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UK signs up to information-sharing deal following Panama leaks

At the IMF meeting in Washington DC last week, George Osborne announced a deal between the UK, Germany, France, Italy and Spain to automatically exchange information on beneficial ownership of companies and trusts held in their countries. This follows in the wake of the Panama leaks scandal and is yet another step furthering the UK government's so-called "war on tax evasion".

Announcing the agreement, the chancellor said "Britain will work with our major European partners to find out who really owns the secretive shell companies and trusts that have been used as conduits for evading tax, laundering money, and benefiting from corruption".

Although the impact of the proposed rules may not be felt immediately, the consequences of the Panama leaks are already clear – HM Revenue & Customs (HMRC) will use the data to issue wide-ranging demands for documents and information concerning companies and individuals identified in the leaks. These demands are particularly directed towards UK clearing banks, an attractive target for HMRC given the stringent customer due diligence requirements imposed by UK regulators. A combination of customer and bank account data means banks are invariably a mine of information for HMRC when pursuing tax evasion cases.

UK regulators are also understood to have contacted banks about their due diligence compliance in the wake of the leaks and sought assurances as to the strength of internal systems and controls. With London at the heart of global financial services, UK government and regulators are keen to swiftly mitigate the tainting effect of the leaks and any suggestion that Britain might be at the heart of global money laundering and tax evasion arrangements.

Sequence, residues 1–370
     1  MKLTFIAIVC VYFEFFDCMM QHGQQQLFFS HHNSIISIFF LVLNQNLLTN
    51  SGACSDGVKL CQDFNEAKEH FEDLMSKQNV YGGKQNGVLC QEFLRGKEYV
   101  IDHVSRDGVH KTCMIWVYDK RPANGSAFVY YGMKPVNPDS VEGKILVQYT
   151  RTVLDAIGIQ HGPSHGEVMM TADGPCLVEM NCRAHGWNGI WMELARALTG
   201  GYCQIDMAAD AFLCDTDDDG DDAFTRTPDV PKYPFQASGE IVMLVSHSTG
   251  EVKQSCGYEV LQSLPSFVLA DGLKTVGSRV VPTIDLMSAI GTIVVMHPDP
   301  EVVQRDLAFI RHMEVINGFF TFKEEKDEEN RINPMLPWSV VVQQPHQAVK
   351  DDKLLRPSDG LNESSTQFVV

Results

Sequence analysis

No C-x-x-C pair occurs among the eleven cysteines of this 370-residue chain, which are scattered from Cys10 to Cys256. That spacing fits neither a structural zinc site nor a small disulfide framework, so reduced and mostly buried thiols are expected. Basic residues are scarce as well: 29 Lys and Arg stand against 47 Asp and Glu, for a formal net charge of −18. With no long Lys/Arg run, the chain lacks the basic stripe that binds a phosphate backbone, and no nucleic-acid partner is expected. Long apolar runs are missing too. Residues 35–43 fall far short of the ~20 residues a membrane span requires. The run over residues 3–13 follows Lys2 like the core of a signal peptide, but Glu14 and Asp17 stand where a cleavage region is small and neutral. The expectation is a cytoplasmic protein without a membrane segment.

Don't expect the noise around these issues to diminish any time soon – with a new chief executive of HMRC taking over later this month and a recent demand from MPs that HMRC set out a clear strategy by November 2016, the war on tax evasion is likely to become more bloody.

TLT has a deep expertise and breadth of knowledge tackling HMRC enquiries and supporting clients in response to HMRC demands for information. To speak to one of our experts about these or any related matters, please contact Jake McQuitty on +44 (0)333 006 0891 or jake.mcquitty@TLTsolicitors.com or Jason Cropper on +44 (0)333 006 0814 or jason.cropper@TLTsolicitors.com

This publication is intended for general guidance and represents our understanding of the relevant law and practice as at April 2016. Specific advice should be sought for specific cases. For more information see our terms & conditions.

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